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I have always written my boolean expressions like this:

if (!isValid) {
  // code
}

But my new employer insists on the following style:

if (false == isValid) {
  // code
}

Is one style preferred, or standard?

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5  
Wow, another question to ask prospective employers. (Explicitly comparing to boolean constants is dumb.) –  Pointy Mar 9 '10 at 13:46
5  
I'd say the second is to be preferred ....... if and only if you are a code obfuscator –  Jens Schauder Mar 9 '10 at 13:47
3  
While I prefer the first, you probably want to stick with your employer's standard –  basszero Mar 9 '10 at 13:49
1  
Thanks for the feedback. We'll see if I can sway the standard in the team. –  xxx Mar 9 '10 at 13:56
2  
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9 Answers 9

up vote 10 down vote accepted

I prefer the first style because it is more natural for me to read. It's very unusual to see the second style.

One reason why some people might prefer the second over another alternative:

if (isValid == false) { ... }

is that with the latter you accidentally write a single = instead of == then you are assigning to isValid instead of testing it but with the constant first you will get a compile error.

But with your first suggestion this issue isn't even a problem, so this is another reason to prefer the first.

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Actually, there is no compile error for that mistake if isValid is a variable (unless isValid is final). Which is really, really bad. Obviously, less of a problem if isValid a method or an expression, but as a habit... –  Carl Mar 9 '10 at 15:54
2  
I believe that's the reason for the order reversal. "if (false=isValid)" is an error. –  DJClayworth Mar 9 '10 at 16:08
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Absolutely the first. The second betrays a lack of understanding of the nature of expressions and values, and as part of the coding standard, it implies that the employer expects to hire very incompetent programmers - not a good omen.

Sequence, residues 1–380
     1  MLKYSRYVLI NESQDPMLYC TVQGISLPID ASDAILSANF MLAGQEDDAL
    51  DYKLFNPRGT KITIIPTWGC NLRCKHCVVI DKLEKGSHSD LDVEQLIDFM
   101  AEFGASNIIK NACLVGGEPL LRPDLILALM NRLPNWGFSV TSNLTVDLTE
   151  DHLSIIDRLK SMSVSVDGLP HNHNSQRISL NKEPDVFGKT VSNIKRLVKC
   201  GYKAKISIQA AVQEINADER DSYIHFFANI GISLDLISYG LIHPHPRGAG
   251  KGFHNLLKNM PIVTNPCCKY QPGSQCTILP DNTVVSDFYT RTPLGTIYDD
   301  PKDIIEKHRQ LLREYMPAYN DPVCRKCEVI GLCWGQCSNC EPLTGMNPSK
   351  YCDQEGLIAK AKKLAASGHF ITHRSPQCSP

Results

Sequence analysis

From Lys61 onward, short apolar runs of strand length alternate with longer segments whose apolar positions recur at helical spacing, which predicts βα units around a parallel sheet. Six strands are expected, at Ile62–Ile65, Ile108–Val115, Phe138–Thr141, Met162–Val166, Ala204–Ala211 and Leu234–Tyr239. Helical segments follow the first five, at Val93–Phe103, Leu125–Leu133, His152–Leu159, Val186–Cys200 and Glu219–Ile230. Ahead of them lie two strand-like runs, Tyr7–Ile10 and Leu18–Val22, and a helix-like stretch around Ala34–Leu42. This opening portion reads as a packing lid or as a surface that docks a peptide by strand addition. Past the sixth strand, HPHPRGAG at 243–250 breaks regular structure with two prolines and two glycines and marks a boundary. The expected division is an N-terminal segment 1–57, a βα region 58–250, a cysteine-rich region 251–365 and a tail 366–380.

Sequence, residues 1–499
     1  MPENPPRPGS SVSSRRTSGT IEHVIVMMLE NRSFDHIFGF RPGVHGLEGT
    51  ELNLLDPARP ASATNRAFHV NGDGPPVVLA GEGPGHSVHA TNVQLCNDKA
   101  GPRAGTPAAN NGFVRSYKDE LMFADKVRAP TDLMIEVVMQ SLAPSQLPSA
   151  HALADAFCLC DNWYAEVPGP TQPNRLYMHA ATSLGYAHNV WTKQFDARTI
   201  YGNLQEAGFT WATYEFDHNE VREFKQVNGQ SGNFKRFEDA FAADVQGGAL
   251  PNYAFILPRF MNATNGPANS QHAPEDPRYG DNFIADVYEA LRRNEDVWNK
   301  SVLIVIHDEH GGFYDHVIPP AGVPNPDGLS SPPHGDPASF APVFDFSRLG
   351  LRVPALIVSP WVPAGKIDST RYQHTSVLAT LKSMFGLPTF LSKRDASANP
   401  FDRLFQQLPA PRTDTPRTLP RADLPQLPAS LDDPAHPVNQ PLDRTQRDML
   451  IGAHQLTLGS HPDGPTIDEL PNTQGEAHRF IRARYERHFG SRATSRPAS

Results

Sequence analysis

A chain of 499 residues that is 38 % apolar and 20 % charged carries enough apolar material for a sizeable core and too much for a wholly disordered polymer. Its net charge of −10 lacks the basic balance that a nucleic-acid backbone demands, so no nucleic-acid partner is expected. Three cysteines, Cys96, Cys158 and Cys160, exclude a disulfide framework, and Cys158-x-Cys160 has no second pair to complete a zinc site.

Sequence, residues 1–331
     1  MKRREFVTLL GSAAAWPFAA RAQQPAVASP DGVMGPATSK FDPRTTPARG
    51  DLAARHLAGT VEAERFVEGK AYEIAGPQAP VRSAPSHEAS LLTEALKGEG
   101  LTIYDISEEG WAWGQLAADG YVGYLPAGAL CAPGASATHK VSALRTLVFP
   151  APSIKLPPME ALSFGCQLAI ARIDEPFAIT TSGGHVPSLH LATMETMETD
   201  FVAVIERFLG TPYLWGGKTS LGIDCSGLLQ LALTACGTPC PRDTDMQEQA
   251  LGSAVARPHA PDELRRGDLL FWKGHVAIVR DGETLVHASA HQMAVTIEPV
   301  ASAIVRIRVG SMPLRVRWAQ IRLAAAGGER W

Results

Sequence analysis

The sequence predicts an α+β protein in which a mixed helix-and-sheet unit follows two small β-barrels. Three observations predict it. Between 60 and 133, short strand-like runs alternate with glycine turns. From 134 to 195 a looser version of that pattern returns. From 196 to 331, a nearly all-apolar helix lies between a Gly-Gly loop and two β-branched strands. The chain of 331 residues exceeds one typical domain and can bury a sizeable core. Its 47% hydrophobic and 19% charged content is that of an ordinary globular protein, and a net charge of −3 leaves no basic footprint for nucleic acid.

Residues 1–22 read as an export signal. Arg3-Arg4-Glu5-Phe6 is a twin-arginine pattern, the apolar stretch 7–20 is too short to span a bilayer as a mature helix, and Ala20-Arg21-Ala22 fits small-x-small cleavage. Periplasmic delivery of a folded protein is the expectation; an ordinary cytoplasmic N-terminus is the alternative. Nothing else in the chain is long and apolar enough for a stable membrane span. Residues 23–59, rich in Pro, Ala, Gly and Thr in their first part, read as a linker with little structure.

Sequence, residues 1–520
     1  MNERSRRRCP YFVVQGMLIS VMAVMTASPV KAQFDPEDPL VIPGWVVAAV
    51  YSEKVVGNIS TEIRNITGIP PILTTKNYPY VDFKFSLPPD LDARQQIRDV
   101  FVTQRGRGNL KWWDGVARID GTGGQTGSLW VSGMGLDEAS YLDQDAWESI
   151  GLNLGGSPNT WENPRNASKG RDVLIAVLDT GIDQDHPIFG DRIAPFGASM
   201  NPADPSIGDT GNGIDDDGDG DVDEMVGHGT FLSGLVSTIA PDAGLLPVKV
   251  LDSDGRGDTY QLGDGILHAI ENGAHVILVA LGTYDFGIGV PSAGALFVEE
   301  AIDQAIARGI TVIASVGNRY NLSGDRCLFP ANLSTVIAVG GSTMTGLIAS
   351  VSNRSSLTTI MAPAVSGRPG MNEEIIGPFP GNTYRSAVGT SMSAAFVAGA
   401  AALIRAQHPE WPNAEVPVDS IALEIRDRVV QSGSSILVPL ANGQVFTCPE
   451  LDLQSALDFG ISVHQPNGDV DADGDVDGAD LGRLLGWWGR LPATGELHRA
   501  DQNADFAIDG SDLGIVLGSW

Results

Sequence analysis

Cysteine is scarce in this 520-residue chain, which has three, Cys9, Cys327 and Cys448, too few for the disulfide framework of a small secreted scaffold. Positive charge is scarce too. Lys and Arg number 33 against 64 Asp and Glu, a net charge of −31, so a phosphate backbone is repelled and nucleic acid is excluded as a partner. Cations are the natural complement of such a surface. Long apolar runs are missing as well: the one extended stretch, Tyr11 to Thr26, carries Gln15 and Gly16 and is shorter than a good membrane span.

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You're killing me. But at least it means I'm not crazy. –  xxx Mar 9 '10 at 13:52
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Everybody recognizes this snippet:

if (isValid.toString().lenght() > 4) {
   //code
}

I think your second example looks at the same direction.

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eschew obfuscation? –  xxx Mar 9 '10 at 13:51
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It was discussed for C# several hours ago.

The false == isValid construct is a leftover from C-world, where compiler would allow you to do assignments in if statement. I believe Java compilers will warn you in such case.

Overall, second option is too verbose.

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Boolean assignment in an expression doesn't present me any compiler error or warnings in Eclipse. –  Carl Mar 9 '10 at 15:56
    
General boolean assignment doesn't, but an attempt to assign a value to the builtin constant 'false' does - hence the ordering. In the old C codes (and I mean OLD) FALSE was typically an assigned variable and could be overwritten. –  DJClayworth Mar 9 '10 at 16:05
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IMO the first one is much more readable while the second one more verbose.

I would surely go for the 1st one

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+1 for readability. –  Martin Wickman Mar 9 '10 at 16:08
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You are evaluating the variable, not false so the latter is not correct from a readability perspective. So I would personally stick with the first option.

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I'm going to attempt a comprehensive answer here that incorporates all the above answers.

The first style is definitely to be preferred for the following reasons:

  • it's shorter
  • it is more readable, and hence easier to understand
  • it is more widely used, which means that readers will recognize the pattern more quickly
  • "false==..." rather than "...==false" is yet another violation of natural order,which makes the reader think "is there something strange going on that I need to pay attention to", when there isn't.

The only exception to this is when the variable is a Boolean rather than a boolean. In that case the second is a different expression from the first, evaluating to false when isValid is null as well as when it is Boolean.FALSE. If this is the case there are good arguments for using the second.

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The second style doesn't require you to negate the expression yourself (which might be far more complicated than just "isValid"). But writing "isValid == false" may lead to an unintended assignment if you forget to type two ='s, hence the idiom is to put on the right side what can't be an rvalue.

The first style seems to be preferred among people who know what they're doing.

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I just want to say I learned C twenty years ago in school and have moving onto Perl and Java and now C# which all have the same syntax and...

I think (!myvar) is the most popular

I think (myvar==false) is just fine too

in 20 years i have NEVER EVEN SEEN

(false==myvar) 

I think your boss is smoking something-- I'm sorry but I'd take this as a sign your boss is some kind of control freak or numbskull.

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